The Sound Inherent to Your Fingers
As much as you might practice, there’s still a certain amount of “you” that will come out, no matter how you play or what instrument you use.
Here’s a little piece I wrote many years ago about the tone that’s in your fingers:
Everyone seems convinced that the next ʻukulele is going to make them sound better, these strings are going to make them sound better, this, that, is all going to make them sound better. And to a certain extent it’s true. A Kamaka sounds better than a Mahalo. Worths sound better than the plastic strips put on the Mahalo. But you get to a certain point and you have a nice instrument with good strings. Then what? Is the next ʻukulele going to make you sound like Jake?
I’m not referring to playing ability here either. What I’m getting at is that you sound like you. No matter what. Of course the “you” sound will change over time as your playing level, emotions, and whatever else contributes to tone alters over time. Tone is in your fingers. James Hill could play your ʻukulele and make it sound just like James. Jake and Herb could do the same. You could play Jake’s $6000 custom Kamaka and sound like you.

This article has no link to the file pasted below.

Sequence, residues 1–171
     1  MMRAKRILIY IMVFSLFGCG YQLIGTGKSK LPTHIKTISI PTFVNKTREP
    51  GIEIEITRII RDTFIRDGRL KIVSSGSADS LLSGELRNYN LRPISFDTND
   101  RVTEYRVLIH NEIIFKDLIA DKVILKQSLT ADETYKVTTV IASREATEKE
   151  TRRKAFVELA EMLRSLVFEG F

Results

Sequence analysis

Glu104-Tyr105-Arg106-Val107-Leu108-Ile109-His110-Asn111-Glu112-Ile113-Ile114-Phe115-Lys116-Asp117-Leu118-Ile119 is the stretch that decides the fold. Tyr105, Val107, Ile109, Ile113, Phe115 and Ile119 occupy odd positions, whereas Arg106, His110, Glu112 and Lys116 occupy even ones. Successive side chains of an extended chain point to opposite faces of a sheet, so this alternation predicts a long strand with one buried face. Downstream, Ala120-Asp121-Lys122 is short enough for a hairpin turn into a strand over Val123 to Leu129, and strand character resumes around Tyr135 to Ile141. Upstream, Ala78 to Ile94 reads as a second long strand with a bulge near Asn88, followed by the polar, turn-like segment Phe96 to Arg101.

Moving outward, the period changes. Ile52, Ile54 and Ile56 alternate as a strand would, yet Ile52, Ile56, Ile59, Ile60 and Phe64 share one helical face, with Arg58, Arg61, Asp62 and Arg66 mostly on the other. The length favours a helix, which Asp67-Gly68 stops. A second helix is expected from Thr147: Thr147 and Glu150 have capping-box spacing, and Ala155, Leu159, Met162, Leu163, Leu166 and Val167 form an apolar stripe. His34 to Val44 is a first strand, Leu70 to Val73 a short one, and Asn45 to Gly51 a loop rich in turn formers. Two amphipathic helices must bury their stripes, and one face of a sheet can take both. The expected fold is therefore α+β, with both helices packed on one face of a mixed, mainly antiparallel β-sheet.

I’ve been aware of this fact for quite some time, but recently I had an opportunity to see it first hand. During one day at the Kahumoku Workshop, I was sitting with Uncle Herb in the library playing my Kamaka and he was visiting with all of our friends. I constantly pick Uncle Herb’s brain when he is around (“Show me how to play this”, “What do you think of this?”, etc.) and that moment was no different – I asked him what Stevie Wonder songs he knew. He took my ʻukulele and started playing “You Are The sunshine of My Life”. It sounded just like Uncle Herb. My ʻukulele has a very different sound than his, but the way he attacked and fretted the notes was more the source of his tone than the custom Koaloha he had upstairs in his room.
Later I had the chance to play Uncle Herb’s ʻukulele. It’s the nicest instrument I’ve yet to play, so naturally I spent as much time as I could with it. Guess what? Even with a spruce top and ebony back and sides, I still sounded like me.
So you can go to town collecting many instruments (and there is nothing wrong with that), but keep in mind that what you are buying is only the overall sound and the looks.
Tone is completely different – it’s in your fingers.